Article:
Rolling Rock Club in Ligonier, Pennsylvania remains the absolute embodiment of class and elegance as when Richard Beatty Mellon founded it in 1917. Rolling Rock is an hours drive from the Mellon’s home city of Pittsburgh, but the Club is world’s away. Secluded over 10,000 acres in the gorgeous Laurel Highlands of Western Pennsylvania, Rolling Rock has magnificent amenities in every element of the Club. Most notably, a lovely Clubhouse flanked by a medieval water tower, a museum quality Donald Ross front nine complimented by a Brian Silva home nine, a shooting lodge beyond imagination, top flight trout streams, riding and fox hunting and sprawling upland game habitat are just a few samples of the offerings at RRC.
As for the Rolling Rock golf course, the front nine is Donald Ross at his most clever and, in some instances, most severe. After a straightforward par four first, the fun builds with the short second that contains so many great design elements. The semi-blind tee shot crests over a pleasant rise and then reveals a visually deceptive cross bunker yielding to a devilish green bisected by a diabolical ridge. The third is flat out murder, from the back tee, a long iron or wood is necessary, but the green is the feature attraction. Although quite large, the third green is anything but receptive. Rolls, dips and ledges make for near impossible up and downs and likely three putts. Brian Silva astutely observed Ross’ greens at RRC as follows:
“I still can’t believe how severe the original greens are.. You often hear that Ross was “the master of subtlety.” but he designed a 220-yard par-3 at Rolling Rock (no. 3) with about four elephants buried in the green. When you’re standing in the fairway bunkers 8 feet deep, the last thing your thinking about is subtlety” – Brian Silva
The dogleg forth is another Ross beauty with the cross bunker again creating havoc and another green that requires plenty of forethought on the approach.
Five is Ross’ stab at Tiny Tim and six is a terrific dogleg left uphill to a wicked back to front tilting green. Seven is the beast of the course with a dramatic downhill tee shot demanding a fairway landing, then uphill to concave green covering 450 yards. Eight works around the Benno Janssen Normandy-style stables, now condos, to another original Ross green. Nine is a wonderful par-5 that offers the golfer a chance to air out the long game. The Rolling Rock Clubhouse frames the approach to number nine and reminds the player of just where they are enjoying a round of golf.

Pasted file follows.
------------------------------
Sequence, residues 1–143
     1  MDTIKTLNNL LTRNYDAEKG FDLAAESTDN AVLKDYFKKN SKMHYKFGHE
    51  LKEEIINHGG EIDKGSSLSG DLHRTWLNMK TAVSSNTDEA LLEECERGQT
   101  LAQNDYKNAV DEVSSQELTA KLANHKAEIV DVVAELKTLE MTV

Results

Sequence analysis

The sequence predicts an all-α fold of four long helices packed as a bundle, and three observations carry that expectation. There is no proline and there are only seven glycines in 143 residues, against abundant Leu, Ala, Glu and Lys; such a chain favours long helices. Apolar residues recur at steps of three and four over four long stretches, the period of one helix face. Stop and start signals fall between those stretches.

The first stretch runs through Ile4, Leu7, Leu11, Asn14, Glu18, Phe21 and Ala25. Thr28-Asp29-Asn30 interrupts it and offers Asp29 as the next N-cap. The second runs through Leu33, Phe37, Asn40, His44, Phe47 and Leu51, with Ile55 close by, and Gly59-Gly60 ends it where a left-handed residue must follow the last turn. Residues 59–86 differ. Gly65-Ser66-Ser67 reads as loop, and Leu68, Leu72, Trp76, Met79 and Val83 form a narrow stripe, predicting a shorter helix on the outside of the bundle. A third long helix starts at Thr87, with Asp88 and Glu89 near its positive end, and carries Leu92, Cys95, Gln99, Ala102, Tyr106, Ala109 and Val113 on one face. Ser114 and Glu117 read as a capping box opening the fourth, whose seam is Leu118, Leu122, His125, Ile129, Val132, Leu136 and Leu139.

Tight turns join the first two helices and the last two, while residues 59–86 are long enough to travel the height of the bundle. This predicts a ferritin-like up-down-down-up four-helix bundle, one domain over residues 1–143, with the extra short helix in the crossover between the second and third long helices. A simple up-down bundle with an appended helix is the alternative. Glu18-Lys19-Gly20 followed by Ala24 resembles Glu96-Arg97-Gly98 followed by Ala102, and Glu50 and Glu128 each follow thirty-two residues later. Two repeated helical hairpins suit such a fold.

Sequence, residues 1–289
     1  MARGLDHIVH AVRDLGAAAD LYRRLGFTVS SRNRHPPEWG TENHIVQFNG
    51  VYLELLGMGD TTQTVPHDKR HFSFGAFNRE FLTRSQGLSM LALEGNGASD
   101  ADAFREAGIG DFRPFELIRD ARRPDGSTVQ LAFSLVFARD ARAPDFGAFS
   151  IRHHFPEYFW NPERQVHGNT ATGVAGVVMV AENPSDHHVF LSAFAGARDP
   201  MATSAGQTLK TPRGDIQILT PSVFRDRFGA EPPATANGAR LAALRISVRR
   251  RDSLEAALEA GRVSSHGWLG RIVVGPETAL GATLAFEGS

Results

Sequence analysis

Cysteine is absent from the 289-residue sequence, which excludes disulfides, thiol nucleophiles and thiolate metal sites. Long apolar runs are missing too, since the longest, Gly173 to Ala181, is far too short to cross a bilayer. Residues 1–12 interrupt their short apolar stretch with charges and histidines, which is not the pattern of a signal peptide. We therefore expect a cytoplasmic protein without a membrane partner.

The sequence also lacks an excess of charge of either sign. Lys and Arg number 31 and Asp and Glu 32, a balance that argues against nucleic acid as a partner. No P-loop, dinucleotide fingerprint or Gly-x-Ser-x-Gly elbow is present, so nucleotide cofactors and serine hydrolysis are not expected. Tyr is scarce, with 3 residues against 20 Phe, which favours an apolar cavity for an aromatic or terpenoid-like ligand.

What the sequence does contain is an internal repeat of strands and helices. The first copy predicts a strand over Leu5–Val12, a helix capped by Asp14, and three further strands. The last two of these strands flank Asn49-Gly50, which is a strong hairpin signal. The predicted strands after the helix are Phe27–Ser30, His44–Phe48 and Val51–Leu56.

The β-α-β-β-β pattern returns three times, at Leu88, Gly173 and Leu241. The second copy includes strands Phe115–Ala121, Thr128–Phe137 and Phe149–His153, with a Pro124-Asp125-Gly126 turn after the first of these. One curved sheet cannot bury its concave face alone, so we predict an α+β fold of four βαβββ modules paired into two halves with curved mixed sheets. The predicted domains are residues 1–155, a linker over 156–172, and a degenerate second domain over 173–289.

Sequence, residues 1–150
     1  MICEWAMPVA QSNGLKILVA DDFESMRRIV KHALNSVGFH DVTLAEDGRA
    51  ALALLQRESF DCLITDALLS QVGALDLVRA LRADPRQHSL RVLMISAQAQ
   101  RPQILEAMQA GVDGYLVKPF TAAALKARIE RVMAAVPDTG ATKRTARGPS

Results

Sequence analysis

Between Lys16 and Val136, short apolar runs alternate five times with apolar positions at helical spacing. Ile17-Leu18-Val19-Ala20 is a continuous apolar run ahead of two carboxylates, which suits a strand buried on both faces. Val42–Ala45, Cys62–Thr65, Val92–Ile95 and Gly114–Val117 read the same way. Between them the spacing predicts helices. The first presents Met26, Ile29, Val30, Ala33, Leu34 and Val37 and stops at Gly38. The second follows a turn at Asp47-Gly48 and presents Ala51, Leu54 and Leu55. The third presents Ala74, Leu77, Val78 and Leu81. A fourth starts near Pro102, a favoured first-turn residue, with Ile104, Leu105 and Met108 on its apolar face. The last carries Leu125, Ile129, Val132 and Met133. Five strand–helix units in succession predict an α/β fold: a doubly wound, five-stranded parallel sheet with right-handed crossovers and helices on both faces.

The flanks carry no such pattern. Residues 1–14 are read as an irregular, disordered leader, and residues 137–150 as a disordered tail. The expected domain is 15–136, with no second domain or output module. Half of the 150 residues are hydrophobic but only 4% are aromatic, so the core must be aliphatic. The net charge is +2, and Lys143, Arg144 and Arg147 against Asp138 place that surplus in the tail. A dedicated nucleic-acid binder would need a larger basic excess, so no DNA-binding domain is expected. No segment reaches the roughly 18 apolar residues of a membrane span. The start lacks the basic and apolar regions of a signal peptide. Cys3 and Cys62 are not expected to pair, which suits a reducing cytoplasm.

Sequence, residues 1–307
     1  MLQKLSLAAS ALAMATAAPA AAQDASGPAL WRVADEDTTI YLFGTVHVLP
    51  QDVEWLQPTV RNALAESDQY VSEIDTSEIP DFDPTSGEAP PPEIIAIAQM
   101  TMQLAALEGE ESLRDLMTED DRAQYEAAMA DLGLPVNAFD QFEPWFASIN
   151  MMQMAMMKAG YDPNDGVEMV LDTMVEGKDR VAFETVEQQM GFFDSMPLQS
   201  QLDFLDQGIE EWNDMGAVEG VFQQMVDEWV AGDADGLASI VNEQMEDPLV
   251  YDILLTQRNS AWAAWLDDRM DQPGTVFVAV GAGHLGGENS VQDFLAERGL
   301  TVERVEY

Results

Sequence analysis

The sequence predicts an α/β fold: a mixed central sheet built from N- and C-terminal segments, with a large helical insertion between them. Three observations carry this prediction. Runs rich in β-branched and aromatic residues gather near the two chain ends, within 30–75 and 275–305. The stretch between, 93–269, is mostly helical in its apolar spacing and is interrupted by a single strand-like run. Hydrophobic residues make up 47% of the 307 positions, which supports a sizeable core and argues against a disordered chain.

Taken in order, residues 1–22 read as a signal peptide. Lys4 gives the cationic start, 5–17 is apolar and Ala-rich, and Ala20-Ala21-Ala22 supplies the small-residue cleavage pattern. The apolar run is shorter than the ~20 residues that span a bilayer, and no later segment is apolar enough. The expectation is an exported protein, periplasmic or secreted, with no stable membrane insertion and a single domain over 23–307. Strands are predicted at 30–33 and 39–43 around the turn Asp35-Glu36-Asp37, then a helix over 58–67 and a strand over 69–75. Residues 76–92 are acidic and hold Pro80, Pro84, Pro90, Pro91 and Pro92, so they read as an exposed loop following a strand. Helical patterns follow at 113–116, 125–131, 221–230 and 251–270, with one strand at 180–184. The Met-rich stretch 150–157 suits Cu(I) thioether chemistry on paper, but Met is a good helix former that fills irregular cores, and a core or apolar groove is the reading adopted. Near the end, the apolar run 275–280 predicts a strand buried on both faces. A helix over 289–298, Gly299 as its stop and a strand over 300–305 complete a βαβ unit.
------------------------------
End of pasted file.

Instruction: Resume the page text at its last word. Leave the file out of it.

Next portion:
The back nine is a very modern design that makes no bones about its total distinction from the Ross front side. Although the land provides many challenges to the golf architect, the back nine is very pleasant and many vistas of the gorgeous Laurel Highlands are in view. The maturity of the back nine will no doubt enhance the eighteen hole experience.
The Club also boasted the Laurel Mountain Resort as its private alpine skiing facility before the Mellon Family opened it to the public in 1958, then gifted the mountain to the Commonwealth of Pennsylvania in 1962. Incredibly, Laurel Mountain’s first ski school director was none other than the renowned father of alpine skiing, Johan “Hannes” Schneider. Schneider was arrested in Nazi Germany as part of Hitler’s Anschluss, but managed to be released and came to the U.S. in 1939. Through contacts in high places, Schneider wound up at the Latrobe, Pa. train station in that same year and ended up designing the Laurel Mountain Ski slopes.
Rolling Rock Club offers a rare step back in time. The Club continues to offer every element of the experience at the highest level of quality and service. The standards set at Rolling Rock Club are unmatched in our complex world and we can be thankful that such escapes continue to thrive.